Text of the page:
Sometimes not even the “pretty fine print” has the answers consumers are looking for.
Class-action trend likens purchasing loot boxes in video games to pulling a lever on a slot machine.
Editor’s Note: This article highlights a trend in class-action litigation as identified by our Class-Action Tracker (CAT). Thus the name of this feature, CATrends.
Is this what EA Sports means by “It’s in the game”?
The maker of the Madden NFL and FIFA soccer video game franchises is among those on a growing list of companies facing class-action lawsuits over their use and disclosures of “loot boxes,” which are randomized virtual items that players often purchase using real money. Specifically, a lawsuit against EA Sports filed in California alleges that the company fails to disclose that the Ultimate Team Packs in video games such as Madden and FIFA are loot boxes and that purchasing the packs is a form of gambling in violation of the state’s gambling laws.
EA’s Ultimate Team Packs are Loot Boxes. Buying the Packs are nothing more than a gambling bet. Purchased using real money, the Ultimate Team Packs are simply wagers on completely randomized chances within the game to win valuable professional players and other items for the EA gamer’s virtual sports team.
While packs can also be obtained through gameplay without having to spend any money, going that route to score valuable items like star players can take a long time, according to the lawsuit.
Thus, it becomes increasingly attractive to spend money to purchase Ultimate Team Packs instead of “earning” them through gameplay.
However, the packs are not a sure bet.
The EA Sports lawsuit alleges that the highest rated players are the least likely to be included in a pack, while players that “tend to be common or undesirable to the gamer” are the most prevalent. The lawsuit provides a screenshot of “pack probability” for four different tiers of FIFA players rated on a scale of 0 to 100. According to this breakdown (which consumers only see if they click “more info” in the top right corner of the screen, the lawsuit says), the probability that a pack contains a FIFA player with an 80+ rating is less than 3 percent.
Yet consumers — who are spending more time playing video games during the pandemic — pay upwards of hundreds of dollars for the packs. The named plaintiff in the EA Sports case claims he spent “in excess of $600 on in-game loot boxes in exchange for the random-chance possibility of winning valuable players.”
EA Sports did not respond to a TINA.org request for comment.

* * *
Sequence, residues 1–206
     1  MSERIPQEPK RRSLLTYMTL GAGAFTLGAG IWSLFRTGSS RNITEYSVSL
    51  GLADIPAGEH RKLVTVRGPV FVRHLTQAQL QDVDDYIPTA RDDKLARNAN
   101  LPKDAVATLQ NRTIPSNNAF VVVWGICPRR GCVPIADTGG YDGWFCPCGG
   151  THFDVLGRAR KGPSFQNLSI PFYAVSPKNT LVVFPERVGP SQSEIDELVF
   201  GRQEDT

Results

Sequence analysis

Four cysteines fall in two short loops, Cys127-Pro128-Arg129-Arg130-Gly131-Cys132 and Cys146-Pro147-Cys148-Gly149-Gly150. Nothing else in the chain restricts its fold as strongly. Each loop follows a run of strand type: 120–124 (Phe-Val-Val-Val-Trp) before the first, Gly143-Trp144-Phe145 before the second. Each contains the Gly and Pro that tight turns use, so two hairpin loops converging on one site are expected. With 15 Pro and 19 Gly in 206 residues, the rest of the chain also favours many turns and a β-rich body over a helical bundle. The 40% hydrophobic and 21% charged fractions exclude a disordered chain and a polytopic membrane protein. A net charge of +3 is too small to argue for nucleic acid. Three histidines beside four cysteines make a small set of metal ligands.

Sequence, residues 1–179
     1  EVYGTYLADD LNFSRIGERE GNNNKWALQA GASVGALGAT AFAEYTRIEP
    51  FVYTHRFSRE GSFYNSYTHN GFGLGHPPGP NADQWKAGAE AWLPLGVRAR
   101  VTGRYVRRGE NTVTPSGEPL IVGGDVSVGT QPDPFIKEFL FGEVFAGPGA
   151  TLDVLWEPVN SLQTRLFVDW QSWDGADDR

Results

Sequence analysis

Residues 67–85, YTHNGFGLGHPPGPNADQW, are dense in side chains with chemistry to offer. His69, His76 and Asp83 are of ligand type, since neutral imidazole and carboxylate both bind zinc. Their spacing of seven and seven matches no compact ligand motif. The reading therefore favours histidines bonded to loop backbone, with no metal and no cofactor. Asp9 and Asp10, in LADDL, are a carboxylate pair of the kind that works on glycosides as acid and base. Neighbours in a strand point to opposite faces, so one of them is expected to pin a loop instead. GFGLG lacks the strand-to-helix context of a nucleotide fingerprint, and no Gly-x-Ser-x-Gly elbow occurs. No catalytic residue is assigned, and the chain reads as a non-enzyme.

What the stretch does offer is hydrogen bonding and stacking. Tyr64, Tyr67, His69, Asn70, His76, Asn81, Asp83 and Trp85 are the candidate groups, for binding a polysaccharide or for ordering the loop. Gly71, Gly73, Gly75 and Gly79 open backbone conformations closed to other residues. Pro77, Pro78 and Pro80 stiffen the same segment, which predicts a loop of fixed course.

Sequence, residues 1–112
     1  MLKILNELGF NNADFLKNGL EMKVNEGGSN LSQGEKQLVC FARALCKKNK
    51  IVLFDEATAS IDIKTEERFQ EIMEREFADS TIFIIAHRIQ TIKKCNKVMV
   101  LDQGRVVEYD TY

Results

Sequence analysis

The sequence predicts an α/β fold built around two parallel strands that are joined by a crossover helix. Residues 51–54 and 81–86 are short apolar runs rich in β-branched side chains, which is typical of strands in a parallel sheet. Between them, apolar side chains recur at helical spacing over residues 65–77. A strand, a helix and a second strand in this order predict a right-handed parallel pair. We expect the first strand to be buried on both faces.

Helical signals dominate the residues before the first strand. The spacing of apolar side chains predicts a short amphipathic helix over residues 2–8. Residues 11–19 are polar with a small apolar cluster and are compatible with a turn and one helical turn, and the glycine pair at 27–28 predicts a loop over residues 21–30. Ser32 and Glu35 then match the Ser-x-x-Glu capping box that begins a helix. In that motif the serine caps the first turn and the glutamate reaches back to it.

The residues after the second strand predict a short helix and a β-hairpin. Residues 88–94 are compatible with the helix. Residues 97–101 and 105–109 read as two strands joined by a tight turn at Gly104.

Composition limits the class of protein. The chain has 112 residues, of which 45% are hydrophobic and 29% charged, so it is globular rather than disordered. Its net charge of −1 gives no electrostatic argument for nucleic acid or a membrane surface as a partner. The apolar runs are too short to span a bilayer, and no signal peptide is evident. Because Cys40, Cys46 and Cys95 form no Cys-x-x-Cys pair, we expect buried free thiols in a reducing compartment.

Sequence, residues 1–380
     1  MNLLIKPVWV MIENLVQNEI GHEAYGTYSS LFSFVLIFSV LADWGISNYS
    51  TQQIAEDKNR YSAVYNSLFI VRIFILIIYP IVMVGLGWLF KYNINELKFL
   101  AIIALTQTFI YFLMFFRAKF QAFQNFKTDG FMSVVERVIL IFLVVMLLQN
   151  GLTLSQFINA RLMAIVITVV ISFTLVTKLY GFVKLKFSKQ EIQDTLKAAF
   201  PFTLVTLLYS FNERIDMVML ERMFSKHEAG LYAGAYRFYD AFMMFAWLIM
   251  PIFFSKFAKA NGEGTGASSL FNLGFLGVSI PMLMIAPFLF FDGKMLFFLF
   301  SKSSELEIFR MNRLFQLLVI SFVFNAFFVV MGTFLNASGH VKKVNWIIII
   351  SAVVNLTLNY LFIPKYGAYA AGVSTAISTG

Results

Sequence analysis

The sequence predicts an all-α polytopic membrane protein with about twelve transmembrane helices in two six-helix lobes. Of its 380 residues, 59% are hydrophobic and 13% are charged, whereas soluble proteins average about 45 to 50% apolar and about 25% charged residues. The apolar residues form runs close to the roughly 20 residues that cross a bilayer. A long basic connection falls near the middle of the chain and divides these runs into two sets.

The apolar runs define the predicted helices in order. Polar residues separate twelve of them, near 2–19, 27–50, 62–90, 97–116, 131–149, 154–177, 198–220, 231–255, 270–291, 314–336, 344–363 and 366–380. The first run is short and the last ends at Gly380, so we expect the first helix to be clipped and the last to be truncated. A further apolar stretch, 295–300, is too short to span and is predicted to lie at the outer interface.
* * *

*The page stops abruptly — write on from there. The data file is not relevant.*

Loot boxes bring in hundreds of millions of dollars in revenue for top titles like EA Sports’ Madden and FIFA, as well as Epic Games’ Fortnite, another video game caught up in loot box-related class-action litigation. (Other titles under scrutiny include Supercell’s Clash Royale and Brawl Stars and Nintendo’s Mario Kart Tour.) But for players who may find themselves in endless gameplay loops or at a competitive disadvantage, the EA Sports lawsuit calls buying loot boxes to advance in a game or to get on a level playing field “demand through inconvenience.”
EA and other developers intentionally design games this way to increase the gamers’ frustration with the game’s free or earned aspects and profit off the ensuing “demand through inconvenience.”
Regulators have taken notice.
In August, the FTC released a report on a 2019 workshop on loot boxes. The report highlights various consumer protection issues, including, among other things, the use of techniques to mask costs and to manipulate and confuse players and the impact loot boxes may have on children, including those with access to mom and dad’s credit card.
A new label
Following the workshop, the Entertainment Software Rating Board (ESRP), which age-rates games according to language, violence and other criteria, announced a new video game rating element to disclose when a game includes in-app purchases that are “random,” such as loot boxes.
“By including more specificity about the randomized nature of the in-game purchases, consumers can make more informed decisions when purchasing or downloading a game, instead of finding out after the fact,” the ESRP said in an April 2020 blog on its website.
However, this new label — In-Game Purchases (Includes Random Items) — has yet to make it to the covers of video games that use loot boxes or to places like the Apple App Store where the games are sold, according to the lawsuits.
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